Are you getting ready to plan or plant your garden? If so, Plants for Birds is for you!

It’s a native-plant database (plants that evolved in local landscapes) cross-referenced with the birds that enjoy those plants. Knowing which birds pass through your location along with what kinds of food and shelter they’ll enjoy, it’s a great research tool for making decisions to help wild birds.

For Americans, it’s even better – it’s integrated with local nurseries where you can buy the plants! This aspect won’t apply to Canadian gardeners, as we wouldn’t be able to shop and bring plants back across the border. However, we share some of the same Zones as the northern states (for example, Montreal is in Zone 5). Only distance and our immediate habitat type (for instance, dry and open vs. wet and forested) might differ, so it’s relatively safe to assume we can benefit from this cross-referencing.

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Spring migration is underway – and it’s dangerous

The other day, I watched a documentary by New Hampshire Public Television on bird migration. I learned a few startling facts about habitat loss and other pressures that decimate bird populations. Most alarming of all was that their mortality while migrating is as high as 85%. I doubt that is due to hurricanes and low seasonal food, though these are real risks that birds have always faced. I’m sure that most are due to human activity:

  • Building and tower lights on at night throwing birds off course, exhausting and killing them. Birds migrate at night, and the light of the moon used to guide them. Now, our overlit cities and buildings misguide them.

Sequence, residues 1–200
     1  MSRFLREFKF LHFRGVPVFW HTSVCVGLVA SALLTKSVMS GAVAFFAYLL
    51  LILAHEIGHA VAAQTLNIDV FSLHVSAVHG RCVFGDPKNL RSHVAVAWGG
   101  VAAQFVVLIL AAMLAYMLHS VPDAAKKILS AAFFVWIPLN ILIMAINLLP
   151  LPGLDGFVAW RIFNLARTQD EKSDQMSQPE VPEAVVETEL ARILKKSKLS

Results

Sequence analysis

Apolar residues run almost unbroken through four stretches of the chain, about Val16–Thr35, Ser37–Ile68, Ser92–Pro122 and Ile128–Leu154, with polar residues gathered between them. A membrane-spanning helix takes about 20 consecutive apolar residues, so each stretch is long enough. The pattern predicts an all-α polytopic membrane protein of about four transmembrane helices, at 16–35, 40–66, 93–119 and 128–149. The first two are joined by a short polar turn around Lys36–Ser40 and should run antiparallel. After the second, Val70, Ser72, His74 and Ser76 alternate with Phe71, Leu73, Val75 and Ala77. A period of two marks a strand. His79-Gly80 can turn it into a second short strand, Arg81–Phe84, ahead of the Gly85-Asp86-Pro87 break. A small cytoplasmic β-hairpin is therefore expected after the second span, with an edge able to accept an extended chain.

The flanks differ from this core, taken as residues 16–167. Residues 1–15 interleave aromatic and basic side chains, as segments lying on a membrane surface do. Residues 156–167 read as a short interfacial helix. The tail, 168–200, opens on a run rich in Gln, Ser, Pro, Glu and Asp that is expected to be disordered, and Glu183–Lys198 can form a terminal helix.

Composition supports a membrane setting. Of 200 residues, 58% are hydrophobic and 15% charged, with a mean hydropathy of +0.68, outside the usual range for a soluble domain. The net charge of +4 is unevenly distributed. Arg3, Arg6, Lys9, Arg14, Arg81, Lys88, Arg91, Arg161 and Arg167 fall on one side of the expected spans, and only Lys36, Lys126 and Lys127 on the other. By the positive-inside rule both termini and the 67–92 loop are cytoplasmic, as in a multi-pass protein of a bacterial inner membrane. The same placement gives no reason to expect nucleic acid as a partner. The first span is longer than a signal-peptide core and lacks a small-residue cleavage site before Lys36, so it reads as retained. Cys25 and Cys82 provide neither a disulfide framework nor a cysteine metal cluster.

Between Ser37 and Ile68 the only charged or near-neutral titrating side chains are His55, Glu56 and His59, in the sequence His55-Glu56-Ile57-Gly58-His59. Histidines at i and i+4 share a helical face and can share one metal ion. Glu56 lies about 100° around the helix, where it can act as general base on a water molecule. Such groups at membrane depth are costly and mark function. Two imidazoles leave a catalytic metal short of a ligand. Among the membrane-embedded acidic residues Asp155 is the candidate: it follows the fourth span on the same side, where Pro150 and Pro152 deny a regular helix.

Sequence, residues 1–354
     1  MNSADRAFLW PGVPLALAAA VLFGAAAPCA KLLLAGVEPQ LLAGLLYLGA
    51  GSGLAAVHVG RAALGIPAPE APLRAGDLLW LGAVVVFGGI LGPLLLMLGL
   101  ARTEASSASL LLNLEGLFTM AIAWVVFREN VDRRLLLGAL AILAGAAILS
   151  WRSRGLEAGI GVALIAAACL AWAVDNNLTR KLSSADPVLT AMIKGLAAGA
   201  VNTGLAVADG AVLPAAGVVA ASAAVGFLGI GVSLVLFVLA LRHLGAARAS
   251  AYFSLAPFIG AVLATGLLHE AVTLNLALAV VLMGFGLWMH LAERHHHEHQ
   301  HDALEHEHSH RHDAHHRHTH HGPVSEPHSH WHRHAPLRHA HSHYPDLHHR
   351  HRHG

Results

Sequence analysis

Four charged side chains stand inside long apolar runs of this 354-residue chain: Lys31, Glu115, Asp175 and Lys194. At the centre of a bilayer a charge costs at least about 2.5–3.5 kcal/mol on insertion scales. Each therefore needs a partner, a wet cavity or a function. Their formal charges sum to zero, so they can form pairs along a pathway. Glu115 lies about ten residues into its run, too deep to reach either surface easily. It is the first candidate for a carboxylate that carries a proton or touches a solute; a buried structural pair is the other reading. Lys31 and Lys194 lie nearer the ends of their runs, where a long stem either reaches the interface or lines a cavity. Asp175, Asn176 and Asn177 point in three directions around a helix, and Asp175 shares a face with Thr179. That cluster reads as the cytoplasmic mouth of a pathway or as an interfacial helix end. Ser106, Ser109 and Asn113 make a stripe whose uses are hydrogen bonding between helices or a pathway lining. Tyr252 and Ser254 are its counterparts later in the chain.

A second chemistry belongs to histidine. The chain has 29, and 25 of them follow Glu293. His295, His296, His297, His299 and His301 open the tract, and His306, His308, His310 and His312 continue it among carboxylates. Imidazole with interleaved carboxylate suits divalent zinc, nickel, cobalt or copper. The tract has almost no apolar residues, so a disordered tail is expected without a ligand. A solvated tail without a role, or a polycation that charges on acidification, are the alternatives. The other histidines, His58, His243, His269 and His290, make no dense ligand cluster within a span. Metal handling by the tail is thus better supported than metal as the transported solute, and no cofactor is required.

• Critical habitat loss on migration routes. Birds need to land and feed and stay according to the season and weather, before proceeding north (or south) again.
  • Bird strikes on power and cellular telephone infrastructure – wires and towers, and not just those of wind turbines.
  • Bird strikes on buildings, now more than ever – read Glass architecture is killing millions of migratory birds.
  • And the grand winner: Our pet and feral cats are the biggest killers by far. Do not underestimate the carnage that any sweet kitty causes. It’s not good fun. If you absolutely insist – you’re wrong, but still – on putting your cat outdoors, do it only at night, when birds are in flight. During the day they need to come down and search for food, water, and rest. They need it. The cat’s just playing. (So put a BirdBeSafe clown collar on kitty!)

In every city, Continue reading

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Rewilding is about converting your lawn to groundcover (bit by bit!) to native species. This fosters biodiversity. It also creates habitat for urban wildlife. Finally, you'll only trim it 2-3 times per season rather than every 7-10 days!

The green driveway gallery shows you how you can DIY a driveway conversation using my first model as an example. There are other ways to do it, and things I learned in the process and afterward. Please call me at 514-815-5163 for my landscaping service, or to discuss upgrading your driveway.

The work season is April 1st through June 30th, but I install bird strike prevention (to stop birds from crashing into windows and glass balconies) whenever the temperature is above 5ºC. Call the number above or email. It's important to do this earlier rather than later,  in time for bird migrations in late April to end of May, and late August to mid-October.